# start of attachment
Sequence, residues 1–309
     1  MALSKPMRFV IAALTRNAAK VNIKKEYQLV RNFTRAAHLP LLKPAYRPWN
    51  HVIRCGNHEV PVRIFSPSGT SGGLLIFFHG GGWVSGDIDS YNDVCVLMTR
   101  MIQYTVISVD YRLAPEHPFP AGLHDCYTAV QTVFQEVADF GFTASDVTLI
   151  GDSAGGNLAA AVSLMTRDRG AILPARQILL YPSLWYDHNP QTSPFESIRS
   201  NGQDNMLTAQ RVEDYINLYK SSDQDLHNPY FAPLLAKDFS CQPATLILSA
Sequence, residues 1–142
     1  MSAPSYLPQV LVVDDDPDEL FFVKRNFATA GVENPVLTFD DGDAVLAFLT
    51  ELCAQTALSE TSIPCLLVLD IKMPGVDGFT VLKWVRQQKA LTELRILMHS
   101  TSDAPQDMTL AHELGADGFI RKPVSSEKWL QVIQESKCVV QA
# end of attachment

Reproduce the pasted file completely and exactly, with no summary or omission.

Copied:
Sequence, residues 1–309
     1  MALSKPMRFV IAALTRNAAK VNIKKEYQLV RNFTRAAHLP LLKPAYRPWN
    51  HVIRCGNHEV PVRIFSPSGT SGGLLIFFHG GGWVSGDIDS YNDVCVLMTR
   101  MIQYTVISVD YRLAPEHPFP AGLHDCYTAV QTVFQEVADF GFTASDVTLI
   151  GDSAGGNLAA AVSLMTRDRG AILPARQILL YPSLWYDHNP QTSPFESIRS
   201  NGQDNMLTAQ RVEDYINLYK SSDQDLHNPY FAPLLAKDFS CQPATLILSA
Sequence, residues 1–142
     1  MSAPSYLPQV LVVDDDPDEL FFVKRNFATA GVENPVLTFD DGDAVLAFLT
    51  ELCAQTALSE TSIPCLLVLD IKMPGVDGFT VLKWVRQQKA LTELRILMHS
   101  TSDAPQDMTL AHELGADGFI RKPVSSEKWL QVIQESKCVV QA